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08-21-2013, 10:58 AM   #256
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QuoteOriginally posted by Nesster Quote
In the truly long term, you might be right. I'm thinking however that the market will become more polarized in the near term: phones eat the P&S segment, leaving room for enticing high-end compacts and evils... The APS-C SLR may feel a squeeze, as FF sensors become cheaper
Except because of yield limitations and contamination error an FF sensor will always cost at least 2.45 time more than an APS-C one.

And an APS-C one will cost 1.75 times more than a CX/1" one.

So at each price point we'll see different sensors, and since sensor size partly determines form factor...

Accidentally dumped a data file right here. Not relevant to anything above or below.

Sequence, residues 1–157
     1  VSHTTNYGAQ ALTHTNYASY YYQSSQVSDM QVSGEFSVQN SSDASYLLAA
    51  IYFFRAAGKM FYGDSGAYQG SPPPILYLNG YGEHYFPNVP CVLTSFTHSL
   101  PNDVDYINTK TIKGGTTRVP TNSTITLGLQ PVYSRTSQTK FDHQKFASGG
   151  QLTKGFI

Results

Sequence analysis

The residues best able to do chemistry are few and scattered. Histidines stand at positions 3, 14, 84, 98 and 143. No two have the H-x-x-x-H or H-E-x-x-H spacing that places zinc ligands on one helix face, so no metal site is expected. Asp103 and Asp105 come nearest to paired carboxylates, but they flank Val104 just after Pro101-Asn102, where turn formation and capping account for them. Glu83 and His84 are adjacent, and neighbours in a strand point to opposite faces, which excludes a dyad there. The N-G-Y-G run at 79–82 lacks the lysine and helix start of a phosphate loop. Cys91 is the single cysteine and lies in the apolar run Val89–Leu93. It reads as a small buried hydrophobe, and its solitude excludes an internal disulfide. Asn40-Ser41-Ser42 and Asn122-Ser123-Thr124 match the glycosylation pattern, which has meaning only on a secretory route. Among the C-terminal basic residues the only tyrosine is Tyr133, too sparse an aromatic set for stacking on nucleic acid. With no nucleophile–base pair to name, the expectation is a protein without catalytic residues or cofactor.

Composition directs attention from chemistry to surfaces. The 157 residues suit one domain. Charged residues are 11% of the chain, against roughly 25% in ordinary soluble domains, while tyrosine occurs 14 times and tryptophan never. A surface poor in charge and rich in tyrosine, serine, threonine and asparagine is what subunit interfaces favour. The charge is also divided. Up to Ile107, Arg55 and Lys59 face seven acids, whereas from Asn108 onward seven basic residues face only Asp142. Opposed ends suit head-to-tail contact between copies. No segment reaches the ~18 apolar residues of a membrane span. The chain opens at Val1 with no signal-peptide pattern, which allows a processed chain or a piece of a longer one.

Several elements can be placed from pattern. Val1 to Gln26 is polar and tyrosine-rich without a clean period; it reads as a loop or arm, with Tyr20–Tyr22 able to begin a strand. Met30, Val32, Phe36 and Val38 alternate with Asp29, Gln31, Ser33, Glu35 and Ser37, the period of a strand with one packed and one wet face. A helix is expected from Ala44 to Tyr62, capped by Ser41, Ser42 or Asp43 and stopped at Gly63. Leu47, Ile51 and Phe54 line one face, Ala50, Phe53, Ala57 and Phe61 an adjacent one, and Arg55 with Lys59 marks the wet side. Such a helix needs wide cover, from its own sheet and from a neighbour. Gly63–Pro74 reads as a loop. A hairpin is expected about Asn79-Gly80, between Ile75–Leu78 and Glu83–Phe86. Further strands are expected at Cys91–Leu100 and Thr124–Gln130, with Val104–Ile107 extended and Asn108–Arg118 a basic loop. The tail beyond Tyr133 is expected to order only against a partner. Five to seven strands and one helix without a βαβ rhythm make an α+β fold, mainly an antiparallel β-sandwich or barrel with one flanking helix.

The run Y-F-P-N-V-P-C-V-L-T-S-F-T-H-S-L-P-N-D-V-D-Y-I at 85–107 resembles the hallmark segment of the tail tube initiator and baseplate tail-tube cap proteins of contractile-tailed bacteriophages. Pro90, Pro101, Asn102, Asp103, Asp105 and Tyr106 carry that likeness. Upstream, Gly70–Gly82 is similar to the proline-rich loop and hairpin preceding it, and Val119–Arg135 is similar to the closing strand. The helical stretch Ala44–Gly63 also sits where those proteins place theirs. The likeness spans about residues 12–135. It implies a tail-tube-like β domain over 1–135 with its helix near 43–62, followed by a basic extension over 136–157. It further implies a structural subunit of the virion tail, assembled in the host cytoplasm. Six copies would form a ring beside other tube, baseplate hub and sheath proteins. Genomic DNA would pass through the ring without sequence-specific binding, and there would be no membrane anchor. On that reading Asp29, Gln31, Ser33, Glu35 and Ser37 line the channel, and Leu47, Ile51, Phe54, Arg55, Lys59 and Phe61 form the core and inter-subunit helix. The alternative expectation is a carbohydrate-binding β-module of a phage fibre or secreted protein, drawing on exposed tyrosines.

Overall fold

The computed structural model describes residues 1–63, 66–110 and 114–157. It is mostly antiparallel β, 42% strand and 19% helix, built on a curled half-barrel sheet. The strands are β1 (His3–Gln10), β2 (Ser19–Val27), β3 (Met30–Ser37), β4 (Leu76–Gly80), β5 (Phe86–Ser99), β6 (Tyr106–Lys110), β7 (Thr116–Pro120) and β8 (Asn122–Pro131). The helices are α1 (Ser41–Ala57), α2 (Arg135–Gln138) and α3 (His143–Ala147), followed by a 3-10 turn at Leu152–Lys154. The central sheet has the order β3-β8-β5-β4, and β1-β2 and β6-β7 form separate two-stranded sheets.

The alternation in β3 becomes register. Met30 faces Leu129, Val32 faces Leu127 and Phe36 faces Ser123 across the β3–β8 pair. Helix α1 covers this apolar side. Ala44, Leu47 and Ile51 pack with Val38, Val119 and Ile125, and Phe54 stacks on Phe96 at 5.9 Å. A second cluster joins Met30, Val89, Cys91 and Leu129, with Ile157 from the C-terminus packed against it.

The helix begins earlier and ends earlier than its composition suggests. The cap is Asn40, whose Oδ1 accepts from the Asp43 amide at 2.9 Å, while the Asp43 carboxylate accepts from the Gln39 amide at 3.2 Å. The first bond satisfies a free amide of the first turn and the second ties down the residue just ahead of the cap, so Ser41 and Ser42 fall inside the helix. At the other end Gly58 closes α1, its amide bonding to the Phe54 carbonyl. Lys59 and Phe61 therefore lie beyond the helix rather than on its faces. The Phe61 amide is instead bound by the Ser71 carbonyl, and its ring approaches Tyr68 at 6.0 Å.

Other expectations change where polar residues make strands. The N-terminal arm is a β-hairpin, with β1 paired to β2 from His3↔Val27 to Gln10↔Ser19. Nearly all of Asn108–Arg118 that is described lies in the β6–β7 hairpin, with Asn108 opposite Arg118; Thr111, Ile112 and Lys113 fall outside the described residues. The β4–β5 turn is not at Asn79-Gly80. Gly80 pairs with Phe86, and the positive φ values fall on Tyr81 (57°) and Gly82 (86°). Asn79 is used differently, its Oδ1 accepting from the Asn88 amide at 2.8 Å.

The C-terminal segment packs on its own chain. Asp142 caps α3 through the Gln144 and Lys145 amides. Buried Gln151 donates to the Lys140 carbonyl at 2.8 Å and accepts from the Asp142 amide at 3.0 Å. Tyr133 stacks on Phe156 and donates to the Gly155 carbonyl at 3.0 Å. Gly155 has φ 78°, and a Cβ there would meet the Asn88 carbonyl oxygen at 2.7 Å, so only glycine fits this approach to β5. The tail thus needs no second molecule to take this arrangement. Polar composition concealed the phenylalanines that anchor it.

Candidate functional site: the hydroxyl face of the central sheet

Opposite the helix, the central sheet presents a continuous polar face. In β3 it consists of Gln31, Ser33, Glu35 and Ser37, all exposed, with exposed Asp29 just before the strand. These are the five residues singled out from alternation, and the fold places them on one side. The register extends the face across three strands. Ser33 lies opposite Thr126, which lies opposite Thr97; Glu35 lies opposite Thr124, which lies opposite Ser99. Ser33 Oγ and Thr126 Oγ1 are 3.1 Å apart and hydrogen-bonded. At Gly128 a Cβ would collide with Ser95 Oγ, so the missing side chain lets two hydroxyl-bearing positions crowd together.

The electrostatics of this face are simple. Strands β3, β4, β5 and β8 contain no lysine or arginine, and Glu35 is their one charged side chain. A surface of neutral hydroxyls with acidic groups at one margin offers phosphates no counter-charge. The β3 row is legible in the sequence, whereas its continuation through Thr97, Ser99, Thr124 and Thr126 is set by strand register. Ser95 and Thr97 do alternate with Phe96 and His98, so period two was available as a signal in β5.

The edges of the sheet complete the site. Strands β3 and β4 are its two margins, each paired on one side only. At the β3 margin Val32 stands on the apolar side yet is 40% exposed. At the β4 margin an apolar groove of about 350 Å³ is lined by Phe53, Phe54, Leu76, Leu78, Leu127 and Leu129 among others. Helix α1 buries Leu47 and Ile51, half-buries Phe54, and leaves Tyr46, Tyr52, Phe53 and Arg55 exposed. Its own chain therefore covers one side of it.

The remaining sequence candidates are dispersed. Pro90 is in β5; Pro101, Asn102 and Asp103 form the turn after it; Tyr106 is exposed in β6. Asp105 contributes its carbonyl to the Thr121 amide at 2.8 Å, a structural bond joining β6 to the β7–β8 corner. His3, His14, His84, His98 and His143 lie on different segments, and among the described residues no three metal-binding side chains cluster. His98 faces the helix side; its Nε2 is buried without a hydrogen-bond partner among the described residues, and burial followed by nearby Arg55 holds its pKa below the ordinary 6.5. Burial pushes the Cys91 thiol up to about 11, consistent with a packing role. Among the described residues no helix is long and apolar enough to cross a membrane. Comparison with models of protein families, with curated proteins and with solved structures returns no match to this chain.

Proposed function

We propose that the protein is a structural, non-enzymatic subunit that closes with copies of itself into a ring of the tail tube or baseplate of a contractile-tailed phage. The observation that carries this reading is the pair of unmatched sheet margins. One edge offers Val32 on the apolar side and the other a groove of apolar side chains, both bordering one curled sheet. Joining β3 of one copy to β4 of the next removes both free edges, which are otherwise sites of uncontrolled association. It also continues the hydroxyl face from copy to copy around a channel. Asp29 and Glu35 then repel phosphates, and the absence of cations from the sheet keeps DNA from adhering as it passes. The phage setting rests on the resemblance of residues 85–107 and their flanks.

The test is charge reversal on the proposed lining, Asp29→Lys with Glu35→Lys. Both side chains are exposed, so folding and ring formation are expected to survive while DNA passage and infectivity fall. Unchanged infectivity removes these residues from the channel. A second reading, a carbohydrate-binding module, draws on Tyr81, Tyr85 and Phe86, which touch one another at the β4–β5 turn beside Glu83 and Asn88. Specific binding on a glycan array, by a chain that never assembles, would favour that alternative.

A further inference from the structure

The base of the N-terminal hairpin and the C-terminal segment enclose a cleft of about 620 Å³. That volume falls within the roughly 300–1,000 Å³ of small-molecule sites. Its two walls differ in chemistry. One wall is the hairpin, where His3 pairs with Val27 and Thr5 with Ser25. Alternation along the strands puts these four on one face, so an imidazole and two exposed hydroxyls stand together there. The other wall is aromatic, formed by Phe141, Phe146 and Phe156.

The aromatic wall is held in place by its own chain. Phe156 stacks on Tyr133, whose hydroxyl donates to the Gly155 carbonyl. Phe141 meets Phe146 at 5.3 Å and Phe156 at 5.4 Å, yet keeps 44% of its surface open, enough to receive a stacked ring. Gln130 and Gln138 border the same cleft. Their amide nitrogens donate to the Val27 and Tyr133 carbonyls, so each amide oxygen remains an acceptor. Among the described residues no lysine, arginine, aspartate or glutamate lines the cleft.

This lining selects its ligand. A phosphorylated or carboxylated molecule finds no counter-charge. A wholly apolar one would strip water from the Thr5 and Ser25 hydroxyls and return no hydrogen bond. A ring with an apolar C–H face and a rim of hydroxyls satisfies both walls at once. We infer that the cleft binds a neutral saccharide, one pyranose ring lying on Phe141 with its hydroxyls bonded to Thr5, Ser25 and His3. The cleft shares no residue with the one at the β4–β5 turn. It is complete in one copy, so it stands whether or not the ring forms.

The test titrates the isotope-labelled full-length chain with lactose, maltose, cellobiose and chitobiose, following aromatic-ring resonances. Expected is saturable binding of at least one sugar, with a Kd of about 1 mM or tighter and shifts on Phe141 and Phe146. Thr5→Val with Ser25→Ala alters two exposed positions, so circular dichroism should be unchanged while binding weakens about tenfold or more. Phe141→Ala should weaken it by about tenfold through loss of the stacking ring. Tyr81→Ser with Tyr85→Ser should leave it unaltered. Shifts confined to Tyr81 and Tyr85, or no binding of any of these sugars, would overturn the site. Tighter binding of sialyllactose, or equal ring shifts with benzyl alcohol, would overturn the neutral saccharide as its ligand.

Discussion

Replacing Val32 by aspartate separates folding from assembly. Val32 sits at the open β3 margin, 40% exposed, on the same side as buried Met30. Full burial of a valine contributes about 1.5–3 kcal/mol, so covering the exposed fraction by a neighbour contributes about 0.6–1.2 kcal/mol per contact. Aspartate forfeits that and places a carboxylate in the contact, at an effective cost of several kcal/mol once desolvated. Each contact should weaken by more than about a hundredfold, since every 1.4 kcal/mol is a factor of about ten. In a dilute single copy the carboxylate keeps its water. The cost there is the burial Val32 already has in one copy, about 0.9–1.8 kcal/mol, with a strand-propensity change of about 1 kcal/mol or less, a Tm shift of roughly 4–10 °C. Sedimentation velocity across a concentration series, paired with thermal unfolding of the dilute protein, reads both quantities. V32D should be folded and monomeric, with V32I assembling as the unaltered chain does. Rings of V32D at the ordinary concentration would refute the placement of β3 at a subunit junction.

...not much will change.

08-21-2013, 11:21 AM   #257
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QuoteOriginally posted by Aristophanes Quote
Except because of yield limitations and contamination error an FF sensor will always cost at least 2.45 time more than an APS-C one.

And an APS-C one will cost 1.75 times more than a CX/1" one.

So at each price point we'll see different sensors, and since sensor size partly determines form factor...

...not much will change.
.

The D7000 sensor cost about $50. There's plenty of room in the enthusiast sector for $175 sensors, with the margins staying happily padded.

.
08-21-2013, 11:22 AM   #258
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The Squeeze

QuoteOriginally posted by Nesster Quote
. I'm thinking however that the market will become more polarized in the near term: phones eat the P&S segment, leaving room for enticing high-end compacts and evils... The APS-C SLR may feel a squeeze, as FF sensors become cheaper